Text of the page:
A Fitting Solution:
I have been sewing for a very long time. Not continuously, but in fits and starts. If you've been reading this blog, you know that I am currently in one of those "fits".
Pants fitting has always been a headache. I have the Vogue book of pattern alterations and fitting. I have all the Threads magazine articles on fitting pants (the fact that there are at least two articles per year on this topic is telling). I have made a fitting shell per Palmer and Pletsch. I have Sandra Betzina's book on fitting patterns and her "perfect jeans" pattern.
I have had only moderate success until this week.
In my closet were a favorite pair of pants. A pair that fit so well I have worn them until the bottom hem and top of the waistband were worn threadbare. They are made of a durable corded cotton and are very comfortable.
So it was quite a sacrifice to sit down and take those pants apart, seam by seam, and use them to create the perfect "Valerie-pants" pattern. The cording in the cotton was a bonus because the fabric structure provided obvious grainline markings.
This sacrifice was well worth it and taught me some things that should have been obvious, yet I have never seen in a fitting book or article.
Hips (on me at least) are curves...they are three dimensional curves. Most commercial pants patterns have 2 back darts, with the side seams of the front and back matching perfectly. When you consult all the fitting guru's, they have you play around with the crotch seam, the darts, and the waist seem. Occassionally they may have you add to the side seams, but they never talk about ease.
When I used my dissembled pants for a pattern I learned that the front and the back side seams did not match up perfectly from the waist to the first notch. In addition to a single modest dart, the back pattern piece had a larger curve, which necessitated putting in some ease between the front and back pieces when sewing. DUH!!! It's so obvious and yet it made all the difference in the way the pants fit.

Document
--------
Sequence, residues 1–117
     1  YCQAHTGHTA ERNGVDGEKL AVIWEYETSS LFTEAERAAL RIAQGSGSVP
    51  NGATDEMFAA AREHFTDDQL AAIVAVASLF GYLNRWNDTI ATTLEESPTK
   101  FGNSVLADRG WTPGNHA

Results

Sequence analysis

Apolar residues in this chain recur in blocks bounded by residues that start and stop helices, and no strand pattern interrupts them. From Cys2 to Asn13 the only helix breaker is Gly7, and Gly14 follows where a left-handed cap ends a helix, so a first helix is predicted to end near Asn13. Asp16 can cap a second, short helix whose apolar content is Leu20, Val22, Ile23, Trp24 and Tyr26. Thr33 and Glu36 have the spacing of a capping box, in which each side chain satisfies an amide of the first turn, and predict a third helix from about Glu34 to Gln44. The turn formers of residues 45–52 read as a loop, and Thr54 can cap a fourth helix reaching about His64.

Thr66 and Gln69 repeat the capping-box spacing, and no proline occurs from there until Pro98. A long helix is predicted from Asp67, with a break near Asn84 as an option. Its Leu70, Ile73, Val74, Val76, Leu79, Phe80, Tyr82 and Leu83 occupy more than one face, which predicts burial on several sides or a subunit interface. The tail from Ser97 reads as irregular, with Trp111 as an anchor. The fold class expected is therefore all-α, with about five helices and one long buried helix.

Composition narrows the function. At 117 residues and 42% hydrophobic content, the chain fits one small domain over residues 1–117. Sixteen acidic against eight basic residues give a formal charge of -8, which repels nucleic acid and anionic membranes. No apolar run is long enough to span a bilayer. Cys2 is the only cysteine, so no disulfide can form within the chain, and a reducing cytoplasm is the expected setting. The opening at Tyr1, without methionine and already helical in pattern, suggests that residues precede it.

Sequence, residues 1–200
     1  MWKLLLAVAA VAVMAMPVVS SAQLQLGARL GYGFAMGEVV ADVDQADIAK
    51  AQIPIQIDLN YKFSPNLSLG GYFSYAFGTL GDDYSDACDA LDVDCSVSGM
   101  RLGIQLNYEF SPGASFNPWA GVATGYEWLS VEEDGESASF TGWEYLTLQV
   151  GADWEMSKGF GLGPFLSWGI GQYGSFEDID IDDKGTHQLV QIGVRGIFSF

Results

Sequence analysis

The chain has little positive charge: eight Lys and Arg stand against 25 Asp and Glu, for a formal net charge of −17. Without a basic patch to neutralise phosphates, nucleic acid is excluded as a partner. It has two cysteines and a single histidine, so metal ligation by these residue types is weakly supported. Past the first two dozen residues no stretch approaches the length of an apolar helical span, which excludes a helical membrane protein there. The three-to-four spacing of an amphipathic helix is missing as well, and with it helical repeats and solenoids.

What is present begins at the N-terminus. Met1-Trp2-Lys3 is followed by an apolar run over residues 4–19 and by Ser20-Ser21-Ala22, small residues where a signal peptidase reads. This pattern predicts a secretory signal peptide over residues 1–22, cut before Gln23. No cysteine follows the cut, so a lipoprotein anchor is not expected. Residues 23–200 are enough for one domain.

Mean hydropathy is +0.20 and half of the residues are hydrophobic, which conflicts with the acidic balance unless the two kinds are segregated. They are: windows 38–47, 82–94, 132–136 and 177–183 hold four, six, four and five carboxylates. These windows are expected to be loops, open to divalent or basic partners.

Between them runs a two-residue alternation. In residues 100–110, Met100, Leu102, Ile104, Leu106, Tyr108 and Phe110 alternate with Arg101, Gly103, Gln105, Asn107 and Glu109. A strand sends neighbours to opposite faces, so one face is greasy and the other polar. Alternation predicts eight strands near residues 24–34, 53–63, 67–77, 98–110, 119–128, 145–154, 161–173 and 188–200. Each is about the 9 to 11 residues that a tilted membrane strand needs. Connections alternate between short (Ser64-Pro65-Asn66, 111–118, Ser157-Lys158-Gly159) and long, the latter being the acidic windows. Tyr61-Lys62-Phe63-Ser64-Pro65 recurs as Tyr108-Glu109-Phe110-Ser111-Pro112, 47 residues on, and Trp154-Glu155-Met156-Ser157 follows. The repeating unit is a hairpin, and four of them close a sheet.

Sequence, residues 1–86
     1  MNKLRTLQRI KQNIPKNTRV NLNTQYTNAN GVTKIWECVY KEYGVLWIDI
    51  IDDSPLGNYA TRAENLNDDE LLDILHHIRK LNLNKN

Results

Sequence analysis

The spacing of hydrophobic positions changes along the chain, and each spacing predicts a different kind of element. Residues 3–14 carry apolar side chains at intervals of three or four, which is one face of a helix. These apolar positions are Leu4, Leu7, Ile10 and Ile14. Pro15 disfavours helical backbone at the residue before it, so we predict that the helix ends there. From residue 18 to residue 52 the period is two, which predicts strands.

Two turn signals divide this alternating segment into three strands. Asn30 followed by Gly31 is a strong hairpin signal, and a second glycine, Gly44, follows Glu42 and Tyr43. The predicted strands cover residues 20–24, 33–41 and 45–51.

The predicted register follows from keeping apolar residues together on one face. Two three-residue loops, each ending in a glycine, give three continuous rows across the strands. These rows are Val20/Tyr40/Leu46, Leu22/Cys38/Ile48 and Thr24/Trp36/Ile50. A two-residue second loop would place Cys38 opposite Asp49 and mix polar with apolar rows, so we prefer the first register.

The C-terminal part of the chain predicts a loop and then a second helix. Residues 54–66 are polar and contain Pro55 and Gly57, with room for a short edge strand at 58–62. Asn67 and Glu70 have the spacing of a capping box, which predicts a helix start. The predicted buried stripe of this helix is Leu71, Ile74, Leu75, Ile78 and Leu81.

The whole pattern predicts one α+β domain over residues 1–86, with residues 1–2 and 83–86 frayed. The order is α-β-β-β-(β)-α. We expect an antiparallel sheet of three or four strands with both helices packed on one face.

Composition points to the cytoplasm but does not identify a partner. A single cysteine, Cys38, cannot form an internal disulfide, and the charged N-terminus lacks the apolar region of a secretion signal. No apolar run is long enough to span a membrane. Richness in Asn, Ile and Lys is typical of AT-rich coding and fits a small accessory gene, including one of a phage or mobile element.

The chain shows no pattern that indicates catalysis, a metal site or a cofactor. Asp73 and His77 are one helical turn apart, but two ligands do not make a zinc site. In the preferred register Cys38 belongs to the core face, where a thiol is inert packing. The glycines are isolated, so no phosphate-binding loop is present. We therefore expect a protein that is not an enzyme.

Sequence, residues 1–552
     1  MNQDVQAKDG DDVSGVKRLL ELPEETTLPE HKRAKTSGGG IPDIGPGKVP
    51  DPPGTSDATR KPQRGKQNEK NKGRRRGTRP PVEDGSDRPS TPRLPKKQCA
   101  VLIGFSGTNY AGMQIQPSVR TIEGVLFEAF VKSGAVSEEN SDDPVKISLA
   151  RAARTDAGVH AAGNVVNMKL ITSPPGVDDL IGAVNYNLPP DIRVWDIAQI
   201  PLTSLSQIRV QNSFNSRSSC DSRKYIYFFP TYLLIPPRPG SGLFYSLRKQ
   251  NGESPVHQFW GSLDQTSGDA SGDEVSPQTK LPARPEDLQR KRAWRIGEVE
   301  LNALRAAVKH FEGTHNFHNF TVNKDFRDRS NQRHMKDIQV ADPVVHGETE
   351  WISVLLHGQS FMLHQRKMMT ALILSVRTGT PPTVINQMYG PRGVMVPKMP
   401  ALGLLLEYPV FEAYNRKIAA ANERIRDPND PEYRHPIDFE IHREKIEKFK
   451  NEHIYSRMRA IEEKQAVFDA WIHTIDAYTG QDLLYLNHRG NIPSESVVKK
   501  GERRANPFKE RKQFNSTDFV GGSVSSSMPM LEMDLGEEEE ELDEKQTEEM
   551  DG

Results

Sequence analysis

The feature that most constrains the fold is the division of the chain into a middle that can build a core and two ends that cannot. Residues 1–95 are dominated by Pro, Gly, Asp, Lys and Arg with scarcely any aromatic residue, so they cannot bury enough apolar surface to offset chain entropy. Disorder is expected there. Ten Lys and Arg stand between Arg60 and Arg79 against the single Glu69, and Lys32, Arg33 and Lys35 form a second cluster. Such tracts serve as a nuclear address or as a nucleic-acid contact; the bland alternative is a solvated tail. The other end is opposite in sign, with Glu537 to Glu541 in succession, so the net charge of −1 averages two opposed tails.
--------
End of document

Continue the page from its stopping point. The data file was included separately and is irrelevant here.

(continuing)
See the drawing below...the back pattern piece is on the right. It is traced from a commercial pattern mock up...the outside curve line at the hip is from my dissembled pants pattern.
Also, the front waist on my favorite pants had a nice curve to it, with the front waist being just a bit lower than the back waist. Now this, I have seen in the fitting suggestions, but am not clear on the reason for its application.
With these changes at the waist and the hip...and no changes in crotch depth or inner thigh depth (which all of the fitting advisors were having me do), I have a beautifully fitted pair of black linen capri pants.
In the past, most of the pants I made had elephant legs because the fabric had to drop straight from the hips (my widest part) because there was no ease at the side hip seam. Every attempt at trying to taper the legs caused gaps and wrinkles higher up. Not so these new pants from old.
One might say that the ease in these pants came from the fabric stretching out over time. I don't think so because the fabric peices, with all of the stitching removed, lie flat. If the fabric had been stretched in that ease area, it wouldn't lie flat.
After this success I'm eyeing everything in my closet to see what other garment might teach me something by being dissembled!